Roman senator Marcus Gallio is worried because his son, young tribune Marcellus, has incurred the wrath of the corrupt Prince Gaius. Gaius vindictively orders Marcellus to a remote desert outpost in Minoa (Palestine). Marcellus and his loyal Corinthian slave, Demetrius, must fight to earn the respect of the garrison at Minoa, but eventually they do. During Passover, their detachment goes to Jerusalem to make a show of force, and Demetrius makes eye contact with Jesus while entering the city and is mesmerized. Marcellus, put in charge of the Crucifixion, wins Jesus’ robe at dice but becomes so depressed following the event that he can barely function.
Meanwhile, Diana, a beautiful young friend of the Gallio family who is a favorite of Emperor Tiberius and admired by Marcellus, persuades the emperor to recall Marcellus from Minoa. His family, however, is so alarmed by Marcellus’s condition that they send him and Demetrius to Athens to recover. In Athens, Marcellus touches the robe again and is healed. Demetrius confides the story to Theodosia, their landlord’s daughter. The two men learn about Jewish theology from Benjamin, the Jew who mends the robe for them and also teaches them to speak Aramaic.
Tiberius, interested in the metaphysical, orders Marcellus back to Palestine to learn more about the Jesus movement. Demetrius, who attacks a Roman tribune who has insulted Theodosia, must go into hiding, so the two young men are separated....
Early on the morning following the Military Tribune Banquet, Marcellus Lucan Gallio tells his sister Lucia that he was drunk the night before and laughed outright at the tribute to Prince Gaius, who may be emperor someday. Lucia fears Gaius’s revenge; she admits she has previously rejected Gaius’s attempts to make love to her. In addition, Senator Gallio, their father, has recently criticized Gaius openly.
Marcellus receives orders to serve in Minoa, an undesirable port city in Southern Palestine. His Corinthian slave Adelphos Demetrius accompanies him. In Minoa, Marcellus receives new orders to take his troops to Jerusalem to ensure peace during Passover. The Roman government and the Sanhedrin (the legislative body of the Jewish temple) worry about the teacher Jesus, who has been drawing crowds and drove the money changers from the temple.
Jesus is seized by the Romans. Demetrius makes eye contact with Jesus as the soldiers push the abused man past him. Demetrius feels peace after the experience. The tormented Jesus goes before High Priest Caiaphas and the Sanhedrin. Pontius Pilate literally washes his hands of the matter and sends Jesus to the ruler who settles Galilean affairs, Herod Agrippa. Herod sentences the prophet to death by crucifixion.
Marcellus must oversee the cruelty inflicted upon Jesus. He heeds Centurion Paulos’s advice to drink in order to endure overseeing the punishment. Marcellus even casts lots and wins Jesus’ robe at the foot of the cross. Once Marcellus recovers his sobriety, he realizes what he has done. He asks Demetrius to dispose of the robe.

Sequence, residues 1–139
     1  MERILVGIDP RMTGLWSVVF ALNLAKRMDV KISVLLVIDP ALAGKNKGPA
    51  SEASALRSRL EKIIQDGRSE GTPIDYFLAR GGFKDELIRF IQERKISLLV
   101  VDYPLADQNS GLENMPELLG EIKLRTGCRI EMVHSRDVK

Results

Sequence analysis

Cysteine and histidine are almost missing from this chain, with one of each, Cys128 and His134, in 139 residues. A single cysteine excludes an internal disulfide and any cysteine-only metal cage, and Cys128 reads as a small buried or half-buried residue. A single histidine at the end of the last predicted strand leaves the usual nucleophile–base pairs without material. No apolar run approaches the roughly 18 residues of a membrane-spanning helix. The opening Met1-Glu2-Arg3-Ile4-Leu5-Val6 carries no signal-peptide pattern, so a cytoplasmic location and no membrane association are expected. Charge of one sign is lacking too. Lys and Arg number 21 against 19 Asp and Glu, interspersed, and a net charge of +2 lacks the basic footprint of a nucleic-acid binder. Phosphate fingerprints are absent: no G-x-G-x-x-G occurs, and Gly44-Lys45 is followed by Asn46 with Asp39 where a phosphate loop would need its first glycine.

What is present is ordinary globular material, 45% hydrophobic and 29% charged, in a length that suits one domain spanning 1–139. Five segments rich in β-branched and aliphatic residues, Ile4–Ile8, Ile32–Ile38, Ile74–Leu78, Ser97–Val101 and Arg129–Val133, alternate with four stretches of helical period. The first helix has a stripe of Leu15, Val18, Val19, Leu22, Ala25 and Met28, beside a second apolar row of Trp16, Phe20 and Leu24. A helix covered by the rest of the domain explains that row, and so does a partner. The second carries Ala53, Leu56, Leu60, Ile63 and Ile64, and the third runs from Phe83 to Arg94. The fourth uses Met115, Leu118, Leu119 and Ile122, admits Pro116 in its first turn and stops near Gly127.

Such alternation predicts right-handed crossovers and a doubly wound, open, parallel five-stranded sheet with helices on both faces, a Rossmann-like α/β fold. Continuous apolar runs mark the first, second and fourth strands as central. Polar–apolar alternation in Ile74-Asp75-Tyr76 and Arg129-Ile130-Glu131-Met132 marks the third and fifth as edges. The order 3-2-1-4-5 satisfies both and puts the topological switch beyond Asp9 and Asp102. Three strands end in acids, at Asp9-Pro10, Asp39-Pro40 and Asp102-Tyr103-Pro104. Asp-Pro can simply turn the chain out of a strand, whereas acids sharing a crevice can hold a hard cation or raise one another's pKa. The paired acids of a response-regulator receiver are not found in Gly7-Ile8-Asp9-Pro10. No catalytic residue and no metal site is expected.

Marcellus goes to Pontius Pilate’s banquet hall and charges Pilate with unfairness. At the banquet, Centurion Paulos asks to see the robe. Demetrius brings it to him, gaining peace from its touch. Marcellus dons the robe at Paulos’s request and loses his mind at its touch. Marcellus becomes ill, and he and Demetrius return to Rome.
Senator Gallio suggests that Demetrius and Marcellus go to Athens to stay at George Eupolis’s inn. An Athenian weaver named Benjamin repairs the robe and teaches the men more about Jesus. Emperor Tiberius sends new orders to Marcellus by Quintus, Gaius’s personal soldier. When Quintus insults Eupolis’s daughter, Demetrius attacks Quintus and wounds him severely.
Demetrius flees on the ship Vetris to Palestine and develops a plan to reunite with Marcellus later. Captain Fulvius protects Demetrius, who had once rescued the captain from an attacking slave. Once in Palestine, Demetrius works with Benyosef, a weaver. Demetrius learns the trade. He learns to read Aramaic; receives baptism from Peter, the Big Fisherman; and meets Matthais and Barsabas Justus, two replacements for the disciple Judas who betrayed Jesus.
Justus serves as a guide for Marcellus, who has orders from Tiberius to retrace Jesus’ route, to gather information on Jesus, and to share the information with the emperor. Marcellus becomes a Christian. Along the roadsides, the two travelers begin to see the...
Books on Trial. Review of The Robe. Books on Trial 3, no. 3 (September, 1944): 568. Brief contemporary book review.
Dawson, Virginia Douglas, and Betty Douglas Wilson. The Shape of Sunday: An Intimate Biography of Lloyd C. Douglas. London: P. Davies, 1953. Biographical insights into the author, a former minister turned author in order to reach a “larger congregation.”
Frederick, John T. “The Robe and The Apostle.” English Journal 33 (January/December, 1944): 281. Frederick, a journalism professor, compares The Robe to Sholem Asch’s The Apostle (1943), finding it lacking in historicity and theological rigor.
Mangan, E. A. Review of The Robe. Catholic Biblical Quarterly 5 (1943): 488. Book review from the novel’s first publication.
Phy, Allene Stuart. “Retelling the Greatest Story Ever Told: Jesus in Popular Fiction.” In The Bible and Popular Culture in America, edited by Allene S. Phy. Philadelphia: Fortress Press, 1985. Contextualizes The Robe as a popular narrative establishing Douglas’s place in religious thought and gives biographical details and anecdotes about the author.